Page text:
You noticed that when you added dry ice to the water, a cloud of carbon dioxide and water was produced. But unlike smoke from a candle or fire, the dry ice smoke doesn’t float. Instead, it settles onto the ground or, in this case, on top of the water. Why is that? The smoke is actually a combination of carbon dioxide gas and water vapor. This gaseous dry ice smoke is heavier than the air around it, so it sinks in the air rather than rising.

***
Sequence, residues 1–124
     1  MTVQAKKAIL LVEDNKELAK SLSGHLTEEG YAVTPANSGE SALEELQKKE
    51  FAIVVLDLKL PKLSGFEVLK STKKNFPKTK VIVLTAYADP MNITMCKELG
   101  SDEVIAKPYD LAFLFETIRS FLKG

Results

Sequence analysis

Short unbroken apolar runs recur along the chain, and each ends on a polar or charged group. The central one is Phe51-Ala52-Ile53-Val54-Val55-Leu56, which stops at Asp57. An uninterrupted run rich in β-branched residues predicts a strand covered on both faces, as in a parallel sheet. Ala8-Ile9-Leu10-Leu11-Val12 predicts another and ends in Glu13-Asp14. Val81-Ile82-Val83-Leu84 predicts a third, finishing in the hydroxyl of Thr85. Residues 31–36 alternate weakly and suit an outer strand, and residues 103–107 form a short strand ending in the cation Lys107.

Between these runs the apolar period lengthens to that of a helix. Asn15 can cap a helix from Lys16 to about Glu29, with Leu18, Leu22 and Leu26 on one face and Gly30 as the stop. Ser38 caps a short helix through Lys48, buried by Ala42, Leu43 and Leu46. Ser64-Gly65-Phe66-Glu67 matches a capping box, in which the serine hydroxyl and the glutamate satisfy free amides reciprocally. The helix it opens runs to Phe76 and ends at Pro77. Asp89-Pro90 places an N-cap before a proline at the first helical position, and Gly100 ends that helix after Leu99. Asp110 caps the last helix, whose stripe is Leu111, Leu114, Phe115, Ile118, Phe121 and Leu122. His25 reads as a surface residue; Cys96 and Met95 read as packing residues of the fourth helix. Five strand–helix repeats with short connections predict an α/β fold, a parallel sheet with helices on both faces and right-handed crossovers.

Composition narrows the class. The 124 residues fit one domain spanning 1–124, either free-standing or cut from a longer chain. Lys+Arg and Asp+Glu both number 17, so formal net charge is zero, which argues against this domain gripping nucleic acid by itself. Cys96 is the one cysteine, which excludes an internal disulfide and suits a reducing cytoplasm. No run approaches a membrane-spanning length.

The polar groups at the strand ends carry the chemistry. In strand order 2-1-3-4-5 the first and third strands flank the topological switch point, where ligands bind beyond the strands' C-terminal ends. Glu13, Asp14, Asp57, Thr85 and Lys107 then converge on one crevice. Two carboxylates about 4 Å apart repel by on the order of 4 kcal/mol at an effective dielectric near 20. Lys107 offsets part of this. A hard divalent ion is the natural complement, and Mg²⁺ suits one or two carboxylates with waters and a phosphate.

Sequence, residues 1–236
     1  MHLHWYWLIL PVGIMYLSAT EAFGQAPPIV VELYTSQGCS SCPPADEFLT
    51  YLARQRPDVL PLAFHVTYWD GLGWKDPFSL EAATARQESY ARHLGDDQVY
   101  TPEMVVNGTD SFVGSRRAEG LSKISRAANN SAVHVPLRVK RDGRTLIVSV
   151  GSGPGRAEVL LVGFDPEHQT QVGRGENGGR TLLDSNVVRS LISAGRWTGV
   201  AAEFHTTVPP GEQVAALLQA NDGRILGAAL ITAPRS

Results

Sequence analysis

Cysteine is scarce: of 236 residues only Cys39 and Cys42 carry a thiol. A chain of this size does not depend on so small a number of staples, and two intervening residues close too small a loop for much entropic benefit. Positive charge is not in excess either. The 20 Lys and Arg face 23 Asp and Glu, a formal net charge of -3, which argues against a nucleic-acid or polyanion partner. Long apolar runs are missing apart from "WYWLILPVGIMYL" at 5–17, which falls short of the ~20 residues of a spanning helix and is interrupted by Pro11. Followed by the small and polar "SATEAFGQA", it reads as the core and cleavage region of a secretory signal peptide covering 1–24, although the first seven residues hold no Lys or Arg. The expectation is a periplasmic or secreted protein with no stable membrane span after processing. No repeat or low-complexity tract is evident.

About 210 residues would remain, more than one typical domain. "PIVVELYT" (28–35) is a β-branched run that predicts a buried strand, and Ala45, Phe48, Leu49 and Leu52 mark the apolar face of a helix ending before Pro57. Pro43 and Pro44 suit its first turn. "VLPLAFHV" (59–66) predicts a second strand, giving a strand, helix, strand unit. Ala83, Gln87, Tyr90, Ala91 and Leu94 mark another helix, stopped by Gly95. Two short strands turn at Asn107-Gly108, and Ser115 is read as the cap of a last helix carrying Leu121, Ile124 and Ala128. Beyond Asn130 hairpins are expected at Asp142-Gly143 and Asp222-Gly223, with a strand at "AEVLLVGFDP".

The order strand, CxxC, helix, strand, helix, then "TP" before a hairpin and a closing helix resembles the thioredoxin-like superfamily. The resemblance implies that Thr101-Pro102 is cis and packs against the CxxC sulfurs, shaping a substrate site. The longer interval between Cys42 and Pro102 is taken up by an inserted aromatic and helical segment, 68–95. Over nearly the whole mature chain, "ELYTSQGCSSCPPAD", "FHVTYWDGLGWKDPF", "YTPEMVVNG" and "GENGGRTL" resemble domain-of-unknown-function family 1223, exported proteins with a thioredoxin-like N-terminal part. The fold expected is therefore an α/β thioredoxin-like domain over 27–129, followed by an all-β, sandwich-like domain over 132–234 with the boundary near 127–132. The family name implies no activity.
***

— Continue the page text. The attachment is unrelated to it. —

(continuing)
The same relation between air and dry ice smoke explains why the bubbles float on top of the dry ice smoke. The air exhaled into the bubble is less dense than the gases comprising the dry ice smoke, but slightly heavier than the air surrounding the bubble. So although the bubble doesn’t float in the air, it does float on the heavier dry ice smoke.